The IRS says that you cannot keep pre-tax retirement funds in your retirement account indefinitely. At a certain age, the IRS mandates you must start taking distributions. These forced distributions are commonly known as Required Minimum Distributions (RMDs). Many physicians worry about the impact RMDs will have on their taxes in future years.
With recent changes under the SECURE Act in early 2020, the IRS now mandates that RMDs begin by age 72 instead of age 70 ½. The RMD for any given year is calculated by taking the account balance as of December 31 of the previous year and dividing it by a factor obtained from the IRS’ published tables based on the age of the account owner. It can also be impacted if a spouse beneficiary is more than 10 years younger than the account owner.
Anytime you make a distribution from a retirement account like a 401(k), 403(b), 457, Traditional IRA, or any other retirement account in which pre-tax dollars were contributed, you must include that distribution amount in your income and pay income taxes on it. Depending on your tax rate that year and the size of the distribution, the tax hit can be substantial.
Therefore, many physicians look for ways to reduce their RMDs before they are required to start taking them, and one of the most effective methods is a Roth conversion. When a physician retires, they typically have a decline in income and thus fall into a lower tax bracket. Their income needs are often satisfied by drawing from their savings, Roth accounts, and smaller distributions from their retirement accounts if they are over age 59 ½. This presents an opportunity to make additional distributions from their pre-tax accounts in the form of Roth conversions.
A Roth conversion is when you take an amount from your pre-tax account, convert it to Roth dollars, pay the applicable taxes, and transfer it into a Roth account. Roth accounts do not have RMDs since the money has already been taxed. These funds can continue to grow tax free and are distributed tax free when a need arises.
Many physicians can distribute amounts from their retirement accounts that satisfy their retirement income needs and have room leftover to convert additional amounts without putting them into a higher tax bracket. Here is an example of how that works:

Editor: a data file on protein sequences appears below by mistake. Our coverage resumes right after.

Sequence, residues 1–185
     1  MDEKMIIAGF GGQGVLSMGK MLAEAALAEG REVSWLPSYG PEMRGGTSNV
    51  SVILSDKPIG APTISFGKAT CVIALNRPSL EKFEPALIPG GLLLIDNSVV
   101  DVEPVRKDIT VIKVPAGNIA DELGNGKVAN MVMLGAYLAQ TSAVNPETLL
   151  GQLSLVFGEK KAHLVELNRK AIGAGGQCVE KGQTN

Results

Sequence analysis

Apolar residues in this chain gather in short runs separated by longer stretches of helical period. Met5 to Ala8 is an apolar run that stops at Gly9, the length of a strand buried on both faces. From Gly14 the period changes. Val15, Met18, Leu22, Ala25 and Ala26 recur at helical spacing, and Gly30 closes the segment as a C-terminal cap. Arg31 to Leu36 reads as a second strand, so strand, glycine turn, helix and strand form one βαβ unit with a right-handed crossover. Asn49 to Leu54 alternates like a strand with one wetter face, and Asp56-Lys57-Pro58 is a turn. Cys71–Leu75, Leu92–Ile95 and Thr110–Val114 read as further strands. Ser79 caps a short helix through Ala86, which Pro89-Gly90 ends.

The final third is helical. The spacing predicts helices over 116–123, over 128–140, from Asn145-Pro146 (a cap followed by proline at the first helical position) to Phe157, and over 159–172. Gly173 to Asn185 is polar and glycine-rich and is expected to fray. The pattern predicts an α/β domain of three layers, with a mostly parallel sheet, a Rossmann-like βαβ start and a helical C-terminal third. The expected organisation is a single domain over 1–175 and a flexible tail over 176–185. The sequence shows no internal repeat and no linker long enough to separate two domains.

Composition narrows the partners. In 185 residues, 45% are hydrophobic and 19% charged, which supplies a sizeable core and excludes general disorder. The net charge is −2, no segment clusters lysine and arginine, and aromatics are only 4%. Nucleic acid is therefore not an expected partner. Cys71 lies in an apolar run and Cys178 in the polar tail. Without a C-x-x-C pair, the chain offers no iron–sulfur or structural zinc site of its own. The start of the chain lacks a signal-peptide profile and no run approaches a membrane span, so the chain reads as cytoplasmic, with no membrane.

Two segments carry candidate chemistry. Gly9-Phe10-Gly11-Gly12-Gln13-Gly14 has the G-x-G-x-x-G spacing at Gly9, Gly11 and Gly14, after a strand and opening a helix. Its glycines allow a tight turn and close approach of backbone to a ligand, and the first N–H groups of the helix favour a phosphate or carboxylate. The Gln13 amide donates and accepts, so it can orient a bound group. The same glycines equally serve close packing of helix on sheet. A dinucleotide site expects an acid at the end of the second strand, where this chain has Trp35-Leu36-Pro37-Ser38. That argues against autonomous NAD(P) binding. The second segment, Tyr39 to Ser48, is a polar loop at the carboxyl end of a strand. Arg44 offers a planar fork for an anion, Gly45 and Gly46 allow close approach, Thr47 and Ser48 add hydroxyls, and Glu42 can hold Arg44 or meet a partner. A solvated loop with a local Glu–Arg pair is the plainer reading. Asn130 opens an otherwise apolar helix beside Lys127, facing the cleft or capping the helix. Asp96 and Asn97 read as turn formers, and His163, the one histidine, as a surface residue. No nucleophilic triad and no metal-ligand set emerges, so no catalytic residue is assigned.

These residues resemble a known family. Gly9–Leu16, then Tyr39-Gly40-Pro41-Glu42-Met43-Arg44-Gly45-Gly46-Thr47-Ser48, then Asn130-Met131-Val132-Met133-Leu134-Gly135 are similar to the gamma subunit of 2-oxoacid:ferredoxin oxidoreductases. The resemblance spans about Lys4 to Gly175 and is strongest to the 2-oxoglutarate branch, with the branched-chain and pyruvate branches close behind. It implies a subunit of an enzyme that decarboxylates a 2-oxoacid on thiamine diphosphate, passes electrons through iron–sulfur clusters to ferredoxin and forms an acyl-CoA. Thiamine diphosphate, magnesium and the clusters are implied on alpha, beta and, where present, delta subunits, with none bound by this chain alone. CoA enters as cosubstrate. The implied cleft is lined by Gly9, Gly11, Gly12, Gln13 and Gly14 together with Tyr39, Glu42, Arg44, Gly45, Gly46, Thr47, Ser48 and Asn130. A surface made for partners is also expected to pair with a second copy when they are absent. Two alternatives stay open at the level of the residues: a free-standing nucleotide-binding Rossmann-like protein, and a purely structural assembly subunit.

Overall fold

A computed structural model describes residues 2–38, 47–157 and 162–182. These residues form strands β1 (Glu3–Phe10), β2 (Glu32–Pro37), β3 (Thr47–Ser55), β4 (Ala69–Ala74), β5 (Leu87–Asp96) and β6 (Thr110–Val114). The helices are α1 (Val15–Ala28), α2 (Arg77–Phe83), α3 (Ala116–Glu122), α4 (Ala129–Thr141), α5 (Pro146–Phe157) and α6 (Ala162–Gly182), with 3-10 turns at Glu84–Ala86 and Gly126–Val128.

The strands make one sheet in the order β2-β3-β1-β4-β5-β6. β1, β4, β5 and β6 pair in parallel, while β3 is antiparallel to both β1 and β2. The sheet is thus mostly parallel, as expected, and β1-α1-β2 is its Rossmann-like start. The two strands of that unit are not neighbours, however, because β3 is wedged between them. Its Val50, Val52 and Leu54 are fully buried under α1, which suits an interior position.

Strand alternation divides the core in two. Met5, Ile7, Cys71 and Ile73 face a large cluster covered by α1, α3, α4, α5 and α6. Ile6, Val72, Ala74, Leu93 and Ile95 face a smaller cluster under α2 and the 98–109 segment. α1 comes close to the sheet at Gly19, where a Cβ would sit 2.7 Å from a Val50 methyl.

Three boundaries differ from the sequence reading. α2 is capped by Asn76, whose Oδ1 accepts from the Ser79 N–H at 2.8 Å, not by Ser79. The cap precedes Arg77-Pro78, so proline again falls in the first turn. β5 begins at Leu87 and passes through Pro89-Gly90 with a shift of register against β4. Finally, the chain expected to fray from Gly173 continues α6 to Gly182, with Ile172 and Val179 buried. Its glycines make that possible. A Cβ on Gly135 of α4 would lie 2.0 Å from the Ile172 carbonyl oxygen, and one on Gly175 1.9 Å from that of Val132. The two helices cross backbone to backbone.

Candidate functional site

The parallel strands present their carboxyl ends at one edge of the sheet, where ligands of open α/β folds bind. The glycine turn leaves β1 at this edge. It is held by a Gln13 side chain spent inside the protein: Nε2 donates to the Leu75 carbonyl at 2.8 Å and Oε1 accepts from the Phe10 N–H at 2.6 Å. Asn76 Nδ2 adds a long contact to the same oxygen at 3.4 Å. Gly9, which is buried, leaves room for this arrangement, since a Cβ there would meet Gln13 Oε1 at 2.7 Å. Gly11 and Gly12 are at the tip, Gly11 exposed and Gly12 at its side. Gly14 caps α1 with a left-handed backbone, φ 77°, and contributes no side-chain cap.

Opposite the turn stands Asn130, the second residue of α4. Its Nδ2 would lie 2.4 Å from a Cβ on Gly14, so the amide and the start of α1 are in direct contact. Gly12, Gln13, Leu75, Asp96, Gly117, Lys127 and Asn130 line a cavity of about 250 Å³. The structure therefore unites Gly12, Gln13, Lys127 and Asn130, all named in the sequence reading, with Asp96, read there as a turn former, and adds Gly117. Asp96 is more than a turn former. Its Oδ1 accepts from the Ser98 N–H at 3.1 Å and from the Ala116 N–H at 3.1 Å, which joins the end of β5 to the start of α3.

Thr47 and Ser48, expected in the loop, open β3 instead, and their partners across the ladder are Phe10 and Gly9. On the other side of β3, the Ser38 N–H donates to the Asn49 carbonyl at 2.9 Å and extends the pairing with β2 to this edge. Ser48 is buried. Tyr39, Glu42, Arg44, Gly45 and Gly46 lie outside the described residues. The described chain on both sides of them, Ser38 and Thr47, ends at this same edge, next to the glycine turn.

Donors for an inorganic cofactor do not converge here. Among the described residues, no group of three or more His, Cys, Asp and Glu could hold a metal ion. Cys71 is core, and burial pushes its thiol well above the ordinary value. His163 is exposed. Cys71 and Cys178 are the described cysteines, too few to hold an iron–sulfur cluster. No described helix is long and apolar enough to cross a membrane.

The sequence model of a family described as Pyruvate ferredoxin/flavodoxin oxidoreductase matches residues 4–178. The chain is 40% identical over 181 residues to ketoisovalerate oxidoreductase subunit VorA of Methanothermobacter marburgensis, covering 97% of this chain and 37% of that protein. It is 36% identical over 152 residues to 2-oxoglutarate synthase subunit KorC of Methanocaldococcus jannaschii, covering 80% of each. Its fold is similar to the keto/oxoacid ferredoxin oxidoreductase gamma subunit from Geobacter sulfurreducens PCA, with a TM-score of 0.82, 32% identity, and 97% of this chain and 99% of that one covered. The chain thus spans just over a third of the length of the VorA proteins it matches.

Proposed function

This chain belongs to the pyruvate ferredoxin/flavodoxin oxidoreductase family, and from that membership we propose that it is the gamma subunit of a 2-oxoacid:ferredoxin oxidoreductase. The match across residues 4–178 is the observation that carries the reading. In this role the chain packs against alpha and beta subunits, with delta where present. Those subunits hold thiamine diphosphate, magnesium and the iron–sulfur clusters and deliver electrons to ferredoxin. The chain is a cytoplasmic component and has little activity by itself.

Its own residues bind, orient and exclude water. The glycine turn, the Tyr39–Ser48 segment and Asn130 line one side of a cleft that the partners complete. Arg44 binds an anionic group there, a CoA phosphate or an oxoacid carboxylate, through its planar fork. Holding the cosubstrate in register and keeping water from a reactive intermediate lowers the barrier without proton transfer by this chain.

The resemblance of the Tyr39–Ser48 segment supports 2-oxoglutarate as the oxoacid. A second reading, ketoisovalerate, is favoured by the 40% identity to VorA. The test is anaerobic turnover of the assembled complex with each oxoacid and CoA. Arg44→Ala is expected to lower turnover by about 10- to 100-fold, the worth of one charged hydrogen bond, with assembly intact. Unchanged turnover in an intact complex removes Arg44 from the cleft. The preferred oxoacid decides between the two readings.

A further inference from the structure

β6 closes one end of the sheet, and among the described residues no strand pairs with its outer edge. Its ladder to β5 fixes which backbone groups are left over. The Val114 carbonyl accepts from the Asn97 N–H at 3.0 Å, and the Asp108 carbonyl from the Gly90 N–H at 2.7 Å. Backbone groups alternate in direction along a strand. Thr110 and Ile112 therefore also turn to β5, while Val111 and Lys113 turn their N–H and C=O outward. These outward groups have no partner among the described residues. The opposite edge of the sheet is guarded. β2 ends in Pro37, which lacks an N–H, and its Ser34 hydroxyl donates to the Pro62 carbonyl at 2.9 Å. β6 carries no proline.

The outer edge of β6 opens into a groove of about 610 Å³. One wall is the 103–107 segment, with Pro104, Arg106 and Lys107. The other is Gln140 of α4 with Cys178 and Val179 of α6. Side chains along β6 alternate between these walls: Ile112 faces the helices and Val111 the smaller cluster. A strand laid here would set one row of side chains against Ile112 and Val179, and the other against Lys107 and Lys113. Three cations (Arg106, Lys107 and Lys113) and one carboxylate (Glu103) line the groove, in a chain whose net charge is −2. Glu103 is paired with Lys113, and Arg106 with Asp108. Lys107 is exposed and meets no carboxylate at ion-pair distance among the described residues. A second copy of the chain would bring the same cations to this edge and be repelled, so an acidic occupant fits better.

A 65-year-old married physician needs $120,000 of annual pre-tax retirement income. Through distributions from business interests, investment properties, and pre-tax retirement accounts, they can generate the income they need. This $120,000 of income places the physician in the 22% married, filing jointly federal income tax bracket. This federal tax bracket spans from $78,951 to $168,400 of income. This physician can then convert an additional $48,400 ($168,400-$120,000) from their pre-tax account without it bumping them into a higher tax bracket. However, for practical purposes, they will want to convert a little less and leave themselves a cushion in case their math is not perfect. It is critical not to get it wrong and end up in a higher tax bracket.
By completing this process, a physician can reduce the balances in their pre-tax retirement accounts and in turn reduce their RMD obligations once they turn age 72. The money will still grow in a tax-advantaged Roth account, and it will place them in a more flexible tax position in the future.
Due to the precision required to convert appropriate amounts, we highly recommend you speak with a CPA and financial advisor to make certain the calculations are correct.
Jeff Witz, CFP® welcomes readers’ questions. He can be reached at 800-883-8555 or at email@example.com.
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